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IN A FEW DAYS, Sue Finley may retire. This test engineer has worked at NASA’s Jet Propulsion Laboratory for 57 years, the woman with the longest career at NASA. Sue began at JPL as one of its “computers,” women who were selected for their abilities to perform programming long before this concept meant writing directions for electronic gizmos. Sue has said she’ll retire once JPL’s Juno spacecraft performs its orbit of Jupiter.
Back in 1957, when Sue joined JPL, the lab’s primary computational tools were Fridan desk calculators. Problems of trajectory analysis and the like were expressed in complex sets of equations.
It was the human computer’s task to devise steps for evaluating these equations. Teams of women calculated values by hand, and by Fridan, and then fed the numbers into the next step.
Electronic computers introduced in the 1960s changed the women’s roles into directing the machines. Some say male engineers felt such programming was “women’s work.” However, I suspect these women’s combination of math skills and attention to detail gave them superiority over their male counterparts.
The Rise of the Rocket Girls by Nathalia Holt describes the varied and significant roles played by these women from World War II to today. I’ve just begun this fascinating book and recommend it highly.
Sue Finley’s career at JPL evolved from classic computing to software testing and subsystem engineering. As an example, when Rover missions set down on the Martian surface, the spacecrafts sent back confirmation of each phase via musical tones. Stationed at either the Goldstone Deep Space Communications Complex, in the Mojave Desert of California, or Canberra DSCC, in Tidbinbilla, Australia, Sue was the first person to hear these tones.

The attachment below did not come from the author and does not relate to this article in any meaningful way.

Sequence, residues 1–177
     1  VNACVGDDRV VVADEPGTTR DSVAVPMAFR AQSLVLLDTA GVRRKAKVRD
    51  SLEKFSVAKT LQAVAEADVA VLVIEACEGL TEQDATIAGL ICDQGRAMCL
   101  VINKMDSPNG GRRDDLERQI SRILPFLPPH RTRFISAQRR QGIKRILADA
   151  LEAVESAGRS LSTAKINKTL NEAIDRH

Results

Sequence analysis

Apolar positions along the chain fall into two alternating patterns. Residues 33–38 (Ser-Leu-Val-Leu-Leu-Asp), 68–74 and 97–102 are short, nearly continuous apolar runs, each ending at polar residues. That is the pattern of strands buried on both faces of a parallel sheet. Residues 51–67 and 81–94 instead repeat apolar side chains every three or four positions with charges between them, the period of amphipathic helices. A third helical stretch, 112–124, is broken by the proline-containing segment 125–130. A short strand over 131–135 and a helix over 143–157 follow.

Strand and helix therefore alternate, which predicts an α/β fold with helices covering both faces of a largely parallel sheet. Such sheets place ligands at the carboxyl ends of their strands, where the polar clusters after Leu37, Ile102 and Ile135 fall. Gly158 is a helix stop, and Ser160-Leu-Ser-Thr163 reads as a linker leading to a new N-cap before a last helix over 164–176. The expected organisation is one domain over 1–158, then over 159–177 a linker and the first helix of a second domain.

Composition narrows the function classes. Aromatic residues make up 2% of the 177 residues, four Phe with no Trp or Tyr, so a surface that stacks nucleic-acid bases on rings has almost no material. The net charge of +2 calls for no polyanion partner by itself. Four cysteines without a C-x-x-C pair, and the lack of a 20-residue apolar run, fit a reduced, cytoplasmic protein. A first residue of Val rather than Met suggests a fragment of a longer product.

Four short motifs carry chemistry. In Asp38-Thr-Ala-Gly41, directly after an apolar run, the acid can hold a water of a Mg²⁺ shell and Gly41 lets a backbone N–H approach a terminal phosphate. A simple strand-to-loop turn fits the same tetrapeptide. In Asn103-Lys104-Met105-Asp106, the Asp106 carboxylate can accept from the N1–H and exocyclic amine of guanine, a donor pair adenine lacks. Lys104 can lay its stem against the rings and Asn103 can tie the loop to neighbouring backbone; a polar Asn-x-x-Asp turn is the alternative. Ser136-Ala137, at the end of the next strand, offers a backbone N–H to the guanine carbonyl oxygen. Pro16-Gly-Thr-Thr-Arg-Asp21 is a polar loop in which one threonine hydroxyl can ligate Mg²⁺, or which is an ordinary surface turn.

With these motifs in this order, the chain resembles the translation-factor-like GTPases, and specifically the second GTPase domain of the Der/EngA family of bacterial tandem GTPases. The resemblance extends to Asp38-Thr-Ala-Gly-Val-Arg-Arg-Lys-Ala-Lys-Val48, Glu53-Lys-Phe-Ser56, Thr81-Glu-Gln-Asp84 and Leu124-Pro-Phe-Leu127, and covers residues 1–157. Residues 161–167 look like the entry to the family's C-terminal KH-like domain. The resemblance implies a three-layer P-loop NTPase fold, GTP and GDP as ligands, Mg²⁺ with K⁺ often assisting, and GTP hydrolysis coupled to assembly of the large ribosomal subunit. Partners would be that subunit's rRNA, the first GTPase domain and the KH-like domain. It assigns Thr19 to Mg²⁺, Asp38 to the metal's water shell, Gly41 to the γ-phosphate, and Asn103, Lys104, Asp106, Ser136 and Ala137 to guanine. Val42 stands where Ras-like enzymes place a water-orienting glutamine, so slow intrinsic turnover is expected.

This time around, confirmation is coming in a three-second beep. Sue is also involved in the Juno Mission, scheduled to begin orbiting Jupiter three days from now, on July 4, 2016. Launched in August 2011, Juno’s mission is an amazing technical achievement. Think of tossing a newspaper from a moving bicycle into a car driving by in the dark—only more complex.
Between November 4, 2013, and January 5, 2016, Juno has been on Quiet Cruise as it arcs its way to Jupiter. Today, July 1, Juno is beginning its insertion phase that will bring it into orbits around Jupiter. This gaseous giant is about 11 times larger than Earth, the largest planet in our Solar System and 2.5 times more massive than all the others combined.
Juno will conduct Science Orbits for 461 days, the first beginning on November 16. Then, on February 20, 2018, the spacecraft will enter its Deorbit Phase, a deceleration leading to ultimate disintegration in the Jovian atmosphere.
The Deorbit Phase is complex. One reason is to avoid Jupiter’s four moons and any contaminating of their surfaces, believed to have liquid oceans suggesting a theoretical support of life.
I suspect that Sue Finley, a mother of two sons, would share these feelings of planetary maternalism. I also wouldn’t bet heavy money on her actually retiring. ds
© Dennis Simanaitis, SimanaitisSays.com, 2016